EMV implementation can be an expensive and frustrating endeavor for any retailer. From upgraded equipment to software and technology, there’s a lot to navigate within the established, looming deadlines. For example, in October 2015, the liability for fraudulent transactions from inside the store shifted from MasterCard/Visa to the retail location. That means processing a chip card inside your store without upgraded equipment could make you liable for any fraudulent chip-card transactions.
If that’s not enough to make you take action, the same liability shift takes place outside at the fuel dispensers Oct. 1, 2017. By that date, gasoline retailers will need to retrofit or replace pumps to accept EMV or shoulder the burden of any fraudulent charges related to a chip card.
Make a Plan
Unfortunately, fraud could cost you thousands of dollars if you do not upgrade your equipment. For those investing in EMV implementation, here are some important questions to ask:
1. How can you lessen the financial effect of EMV? Many retailers have taken a big-picture approach to EMV, and that’s a good thing. Instead of seeing EMV in a vacuum, they look at upgrades that may add incremental income to offset up-front costs, including:
- Moving from dial-up (analog and serial connections) into the Internet and digital age
- Evaluating and replacing pumps with those that handle chip cards and have video display screens
- Upgrading the forecourt with brighter, more energy-efficient lighting.
2. Have you prioritized your sites? With liability the No. 1 concern, you should prioritize high-traffic sites and locations in high-crime neighborhoods. Creating this hierarchy may soften the economic effect and help you better execute the changeover.
3. Do you have enough bandwidth? The amount of data required to flow back and forth to authorize a magnetic-stripe card is minuscule compared to what’s needed with a chip card. With a mag stripe, only the host processor is involved. With EMV, it’s the card, the terminal and the host. With a mag stripe, it’s static data, and with the chip, a cryptogram is involved. High-speed connectivity via broadband is a must. And don’t forget a backup plan, such as cellular or a secondary carrier. Also, include your dealers if that’s part of your business.
Prioritize high-traffic sites and locations in high-crime neighborhoods.
4. What do your site plans look like? Things to consider include number of POS devices and dispensers at each site, wiring needs and whether you’re installing new video screens and running ads to generate income. Work with your distributors to establish individual site upgrade plans so you know what to upgrade and where.
5. What are your financing plans? New financing structures, partners and bankers can help retailers overcome the costs associated with EMV. Consulting with your jobbers or oil-company representatives could lead to brokered plans or trusted lenders.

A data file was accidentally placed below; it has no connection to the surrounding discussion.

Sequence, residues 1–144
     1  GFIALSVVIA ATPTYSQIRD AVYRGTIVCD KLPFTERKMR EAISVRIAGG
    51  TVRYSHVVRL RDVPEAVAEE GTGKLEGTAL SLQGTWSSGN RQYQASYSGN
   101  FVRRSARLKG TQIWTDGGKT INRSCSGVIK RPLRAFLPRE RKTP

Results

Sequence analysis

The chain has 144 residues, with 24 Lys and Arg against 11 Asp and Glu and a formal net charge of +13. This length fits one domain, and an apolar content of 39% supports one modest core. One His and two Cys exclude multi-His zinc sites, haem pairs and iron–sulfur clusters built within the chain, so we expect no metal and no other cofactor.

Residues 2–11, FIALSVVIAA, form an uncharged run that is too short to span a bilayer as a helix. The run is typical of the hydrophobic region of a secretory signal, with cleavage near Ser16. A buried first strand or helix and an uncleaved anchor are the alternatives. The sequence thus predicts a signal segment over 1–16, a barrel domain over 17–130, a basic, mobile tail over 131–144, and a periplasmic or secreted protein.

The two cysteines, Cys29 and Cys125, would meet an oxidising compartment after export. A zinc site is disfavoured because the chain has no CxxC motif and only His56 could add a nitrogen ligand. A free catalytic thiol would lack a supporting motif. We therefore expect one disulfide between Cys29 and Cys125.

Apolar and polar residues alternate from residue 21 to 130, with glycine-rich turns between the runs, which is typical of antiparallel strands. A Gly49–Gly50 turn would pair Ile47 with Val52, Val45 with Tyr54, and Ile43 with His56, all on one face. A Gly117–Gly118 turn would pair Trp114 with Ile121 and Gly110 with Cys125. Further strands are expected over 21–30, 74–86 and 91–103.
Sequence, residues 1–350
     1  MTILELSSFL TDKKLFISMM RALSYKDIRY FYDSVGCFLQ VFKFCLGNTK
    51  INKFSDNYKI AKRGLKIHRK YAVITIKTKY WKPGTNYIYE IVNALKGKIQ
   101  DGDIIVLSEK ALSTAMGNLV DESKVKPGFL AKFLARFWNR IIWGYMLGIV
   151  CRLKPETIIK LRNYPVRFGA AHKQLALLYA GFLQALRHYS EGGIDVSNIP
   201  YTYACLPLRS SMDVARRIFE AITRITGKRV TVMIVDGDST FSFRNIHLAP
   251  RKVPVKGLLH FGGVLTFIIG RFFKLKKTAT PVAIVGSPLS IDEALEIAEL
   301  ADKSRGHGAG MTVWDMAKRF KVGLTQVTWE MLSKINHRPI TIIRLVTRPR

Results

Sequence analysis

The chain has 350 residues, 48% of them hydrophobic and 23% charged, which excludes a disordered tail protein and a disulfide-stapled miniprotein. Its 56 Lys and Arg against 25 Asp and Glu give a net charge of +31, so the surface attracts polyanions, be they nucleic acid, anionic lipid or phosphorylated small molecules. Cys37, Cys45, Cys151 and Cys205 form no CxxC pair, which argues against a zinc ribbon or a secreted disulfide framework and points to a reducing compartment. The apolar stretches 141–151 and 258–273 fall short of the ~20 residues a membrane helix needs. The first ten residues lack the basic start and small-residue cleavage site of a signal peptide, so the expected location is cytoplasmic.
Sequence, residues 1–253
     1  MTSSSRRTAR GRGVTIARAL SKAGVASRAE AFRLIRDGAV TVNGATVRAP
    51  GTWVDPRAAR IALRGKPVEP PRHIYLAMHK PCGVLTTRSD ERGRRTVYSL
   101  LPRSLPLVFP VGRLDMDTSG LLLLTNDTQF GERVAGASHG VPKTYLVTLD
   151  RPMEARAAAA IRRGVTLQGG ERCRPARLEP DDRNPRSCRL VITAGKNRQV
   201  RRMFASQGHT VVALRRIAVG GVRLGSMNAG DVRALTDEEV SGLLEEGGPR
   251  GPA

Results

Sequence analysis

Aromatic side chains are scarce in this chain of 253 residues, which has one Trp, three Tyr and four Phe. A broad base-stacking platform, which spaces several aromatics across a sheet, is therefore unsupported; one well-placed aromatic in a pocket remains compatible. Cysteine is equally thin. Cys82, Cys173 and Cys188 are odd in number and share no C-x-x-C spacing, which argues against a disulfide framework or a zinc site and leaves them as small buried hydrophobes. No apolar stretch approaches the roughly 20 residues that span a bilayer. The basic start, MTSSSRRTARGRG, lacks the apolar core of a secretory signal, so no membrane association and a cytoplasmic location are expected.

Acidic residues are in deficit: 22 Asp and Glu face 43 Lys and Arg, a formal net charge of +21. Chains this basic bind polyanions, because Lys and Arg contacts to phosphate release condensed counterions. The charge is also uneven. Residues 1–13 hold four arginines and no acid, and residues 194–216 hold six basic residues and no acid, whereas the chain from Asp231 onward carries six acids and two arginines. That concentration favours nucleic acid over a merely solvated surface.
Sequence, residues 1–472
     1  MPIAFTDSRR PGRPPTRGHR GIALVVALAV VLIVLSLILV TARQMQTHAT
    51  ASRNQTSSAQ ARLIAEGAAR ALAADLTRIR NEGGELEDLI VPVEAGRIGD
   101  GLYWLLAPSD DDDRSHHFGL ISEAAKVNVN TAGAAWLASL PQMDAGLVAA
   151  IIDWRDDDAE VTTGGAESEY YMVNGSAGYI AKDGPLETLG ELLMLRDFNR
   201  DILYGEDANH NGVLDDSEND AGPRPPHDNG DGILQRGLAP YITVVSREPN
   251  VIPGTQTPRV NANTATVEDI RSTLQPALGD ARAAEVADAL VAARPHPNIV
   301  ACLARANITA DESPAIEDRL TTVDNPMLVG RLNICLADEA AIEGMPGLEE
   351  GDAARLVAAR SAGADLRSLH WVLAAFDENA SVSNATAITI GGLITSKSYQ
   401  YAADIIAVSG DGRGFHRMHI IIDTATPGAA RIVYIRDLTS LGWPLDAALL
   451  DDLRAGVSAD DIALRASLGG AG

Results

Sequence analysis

6. Have you thought about mobile payment? EMV devices are not always equipped with near-field communications (NFC). (Think “tap and pay.”) Adding NFC readers can allow you to potentially accept mobile payments, a real benefit as customers begin to expect this option.
7. Have you reviewed store-level training and procedures for EMV? Prepare your cashiers to educate customers so they know what to expect. This may keep people from leaving their cards behind both inside and outside at the dispensers, but you should initiate a procedure for that too. A great resource for merchant and cashier training is gochipcard.com.
8. Have you planned far enough ahead? Due to the late EMV specification releases, many providers are still getting their devices certified, which is hindering the rollout process. Stay in touch with key suppliers and build those logistics into your execution plans. Also, the longer you wait, the fewer technicians will be available. Only a finite number of trained technicians exist to handle what will undoubtedly be a rush to install EMV leading up to the liability-shift date. Also, you don’t want to be the last one to upgrade in your neighborhood—by then, most of the counterfeit liability will have already shifted to your location.
In the end, your decision to move forward with EMV will mean little if you stumble in your execution. Review your options, decide on a plan and move relentlessly toward 2017.
Kara Gunderson is the POS manager for Houston-based CITGO Petroleum Co. Reach her at firstname.lastname@example.org.
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